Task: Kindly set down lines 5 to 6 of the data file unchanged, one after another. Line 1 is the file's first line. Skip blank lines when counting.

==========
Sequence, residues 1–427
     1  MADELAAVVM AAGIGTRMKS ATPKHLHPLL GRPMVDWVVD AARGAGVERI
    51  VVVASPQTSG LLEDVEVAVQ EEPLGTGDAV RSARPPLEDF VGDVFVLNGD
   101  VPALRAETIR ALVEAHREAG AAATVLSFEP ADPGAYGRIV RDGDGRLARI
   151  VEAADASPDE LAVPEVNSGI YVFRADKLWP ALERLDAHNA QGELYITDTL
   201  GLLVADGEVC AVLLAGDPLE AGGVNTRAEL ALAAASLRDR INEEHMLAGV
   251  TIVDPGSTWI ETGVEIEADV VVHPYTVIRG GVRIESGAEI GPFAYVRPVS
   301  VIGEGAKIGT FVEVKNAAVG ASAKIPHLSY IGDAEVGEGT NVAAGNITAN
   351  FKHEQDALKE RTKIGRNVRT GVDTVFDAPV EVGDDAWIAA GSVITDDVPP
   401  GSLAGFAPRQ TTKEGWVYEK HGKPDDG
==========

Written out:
   151  VEAADASPDE LAVPEVNSGI YVFRADKLWP ALERLDAHNA QGELYITDTL
   201  GLLVADGEVC AVLLAGDPLE AGGVNTRAEL ALAAASLRDR INEEHMLAGV